The Federal Reserve on Wednesday in a move widely-expected voted to keep interest rates at their current near-zero level, delaying for at least another six weeks a vigorously-debated decision on raising borrowing costs for the first time in nearly a decade.
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The policy-setting Federal Open Market Committee, citing a weak month of job creation in September, said it "remains appropriate" to keep the short-term federal funds rate at 0%-0.25%, where it's been held since December 2008.
The statement give no obvious clues as to whether the Fed is strongly considering raising rates at its December meeting. A handful of influential FOMC members, including Fed Chair Janet Yellen, Vice Chair Stanley Fischer and New York Fed President William Dudley, have maintained in recent public statements that the Fed still hopes to raise rates in 2015.
But more and more voices have come forward in favor of delaying a rate hike until 2016 as overseas economies have shown weakness and a handful of domestic indicators have also softened, notably the September jobs report which revealed a paltry 142,000 new jobs were created last month.
Perhaps more importantly, the September jobs report showed that U.S. wages remain essentially stagnant -- average hourly wages for workers last month fell by a penny. With wages held down inflation has remained well below the Fed's 2% target range.
The FOMC statement released Wednesday reiterated the Fed's position that inflation will remain low for the near-term, but should "rise gradually toward 2 percent over the medium term as the labor market improves further and the transitory effects of declines in energy in import prices dissipate."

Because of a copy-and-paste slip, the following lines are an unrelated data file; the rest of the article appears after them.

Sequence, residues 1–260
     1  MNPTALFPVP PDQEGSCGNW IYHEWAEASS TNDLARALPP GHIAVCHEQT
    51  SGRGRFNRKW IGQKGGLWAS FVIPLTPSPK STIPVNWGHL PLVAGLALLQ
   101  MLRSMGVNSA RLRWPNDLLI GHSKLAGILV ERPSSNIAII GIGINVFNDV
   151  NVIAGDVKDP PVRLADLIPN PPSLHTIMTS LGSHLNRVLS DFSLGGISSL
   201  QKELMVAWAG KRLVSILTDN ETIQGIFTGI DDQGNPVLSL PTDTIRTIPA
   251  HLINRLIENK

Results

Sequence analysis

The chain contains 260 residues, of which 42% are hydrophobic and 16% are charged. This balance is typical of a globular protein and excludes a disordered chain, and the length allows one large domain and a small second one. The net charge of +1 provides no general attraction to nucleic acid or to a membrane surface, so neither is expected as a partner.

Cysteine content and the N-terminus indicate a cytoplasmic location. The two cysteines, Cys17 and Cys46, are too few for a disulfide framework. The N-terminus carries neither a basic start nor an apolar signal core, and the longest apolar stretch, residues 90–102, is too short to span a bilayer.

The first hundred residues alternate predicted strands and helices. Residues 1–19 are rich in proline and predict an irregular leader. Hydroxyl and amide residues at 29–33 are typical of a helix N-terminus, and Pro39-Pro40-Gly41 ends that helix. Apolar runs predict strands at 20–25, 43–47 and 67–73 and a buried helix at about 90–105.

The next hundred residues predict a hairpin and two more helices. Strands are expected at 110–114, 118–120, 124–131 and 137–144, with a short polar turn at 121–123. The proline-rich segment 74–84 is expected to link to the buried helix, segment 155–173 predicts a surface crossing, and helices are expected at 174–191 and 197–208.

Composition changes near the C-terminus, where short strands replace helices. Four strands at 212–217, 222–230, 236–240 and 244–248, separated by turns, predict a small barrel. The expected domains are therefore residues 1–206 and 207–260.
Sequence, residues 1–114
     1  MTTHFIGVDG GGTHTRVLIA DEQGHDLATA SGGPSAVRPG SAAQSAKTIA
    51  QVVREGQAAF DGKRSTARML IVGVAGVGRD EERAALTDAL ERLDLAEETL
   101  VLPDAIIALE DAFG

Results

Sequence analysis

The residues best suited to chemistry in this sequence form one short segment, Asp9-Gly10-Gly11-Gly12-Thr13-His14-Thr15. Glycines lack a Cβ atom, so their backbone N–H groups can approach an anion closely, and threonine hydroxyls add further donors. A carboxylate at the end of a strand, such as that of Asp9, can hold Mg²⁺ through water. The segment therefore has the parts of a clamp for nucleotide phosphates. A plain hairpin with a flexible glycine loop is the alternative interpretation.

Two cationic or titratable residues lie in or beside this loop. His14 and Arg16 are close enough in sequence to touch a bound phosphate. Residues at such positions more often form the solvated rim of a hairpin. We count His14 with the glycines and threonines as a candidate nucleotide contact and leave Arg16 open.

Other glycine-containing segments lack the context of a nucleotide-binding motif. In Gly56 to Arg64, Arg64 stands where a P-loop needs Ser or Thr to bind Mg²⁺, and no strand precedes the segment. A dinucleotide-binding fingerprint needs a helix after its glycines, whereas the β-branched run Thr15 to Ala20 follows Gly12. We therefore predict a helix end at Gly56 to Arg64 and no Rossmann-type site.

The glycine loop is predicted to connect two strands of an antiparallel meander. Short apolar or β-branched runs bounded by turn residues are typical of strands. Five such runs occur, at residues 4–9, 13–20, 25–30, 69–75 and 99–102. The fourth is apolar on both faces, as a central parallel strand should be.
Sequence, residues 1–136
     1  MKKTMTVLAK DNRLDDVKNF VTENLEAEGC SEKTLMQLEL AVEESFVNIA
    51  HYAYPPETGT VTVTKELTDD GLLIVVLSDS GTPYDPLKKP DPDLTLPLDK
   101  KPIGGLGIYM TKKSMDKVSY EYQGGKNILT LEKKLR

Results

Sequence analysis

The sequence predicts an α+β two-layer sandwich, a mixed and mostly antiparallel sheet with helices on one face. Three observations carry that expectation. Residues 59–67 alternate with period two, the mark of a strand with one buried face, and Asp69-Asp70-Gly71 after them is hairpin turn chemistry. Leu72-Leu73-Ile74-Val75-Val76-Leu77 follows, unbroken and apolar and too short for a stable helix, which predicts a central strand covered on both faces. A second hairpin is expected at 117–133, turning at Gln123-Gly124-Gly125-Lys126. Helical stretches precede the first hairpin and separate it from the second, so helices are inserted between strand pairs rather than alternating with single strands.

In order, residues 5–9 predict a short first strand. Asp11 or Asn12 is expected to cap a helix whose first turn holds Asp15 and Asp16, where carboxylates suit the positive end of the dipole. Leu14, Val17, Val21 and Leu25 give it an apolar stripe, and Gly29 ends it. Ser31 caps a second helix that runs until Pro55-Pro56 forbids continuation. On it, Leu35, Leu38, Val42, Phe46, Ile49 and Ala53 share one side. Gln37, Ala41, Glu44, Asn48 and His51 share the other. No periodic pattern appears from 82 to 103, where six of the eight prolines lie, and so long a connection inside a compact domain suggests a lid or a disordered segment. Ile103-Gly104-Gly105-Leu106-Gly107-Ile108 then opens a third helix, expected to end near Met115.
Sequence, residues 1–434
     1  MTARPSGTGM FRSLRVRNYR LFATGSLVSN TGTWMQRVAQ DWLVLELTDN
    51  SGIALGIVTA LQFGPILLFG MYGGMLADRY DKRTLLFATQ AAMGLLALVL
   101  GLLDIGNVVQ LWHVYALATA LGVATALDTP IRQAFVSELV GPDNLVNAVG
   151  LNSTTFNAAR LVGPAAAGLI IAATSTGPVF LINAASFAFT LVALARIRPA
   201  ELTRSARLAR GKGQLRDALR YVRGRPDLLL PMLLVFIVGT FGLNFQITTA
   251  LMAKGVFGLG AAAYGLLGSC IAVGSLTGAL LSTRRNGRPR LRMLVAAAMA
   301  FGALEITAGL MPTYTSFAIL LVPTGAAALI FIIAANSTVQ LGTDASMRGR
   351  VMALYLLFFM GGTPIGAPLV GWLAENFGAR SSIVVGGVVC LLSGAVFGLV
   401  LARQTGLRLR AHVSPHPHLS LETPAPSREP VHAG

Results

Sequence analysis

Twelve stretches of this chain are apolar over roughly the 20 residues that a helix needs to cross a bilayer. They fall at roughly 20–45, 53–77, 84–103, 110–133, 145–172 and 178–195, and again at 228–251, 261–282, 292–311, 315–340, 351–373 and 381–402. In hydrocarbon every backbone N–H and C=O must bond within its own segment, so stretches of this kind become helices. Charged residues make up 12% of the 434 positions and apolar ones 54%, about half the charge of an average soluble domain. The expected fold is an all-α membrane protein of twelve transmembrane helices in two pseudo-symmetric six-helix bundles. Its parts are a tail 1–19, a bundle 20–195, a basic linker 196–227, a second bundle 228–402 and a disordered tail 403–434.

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That's essentially the same language the Fed has used throughout 2015 as the FOMC has mulled the timing and trajectory of a rate hike.
Inflation has posed a vexing problem for the Fed. Slack in the work force created by part-time and temporary workers who would prefer full time jobs has created a surplus of workers. As long as that surplus exists employers don't have to raise wages to find qualified workers.
The October statement said labor market indicators "on balance, show that underutilization of labor resources has diminished since early this year." Still, enough slack clearly exists to keep wages from rising significantly.
Fed officials -- those who support raising rates sooner and those who support raising them later -- all agree that rates will move higher gradually once liftoff is announced, almost certainly at intervals of 0.25% as the economic data warrants further increases.
The vote to maintain rates at their current level was 9-1 with Richmond Fed Chair Jeffrey Lacker casting the one dissenting vote. Lacker was the lone dissenter in September as well.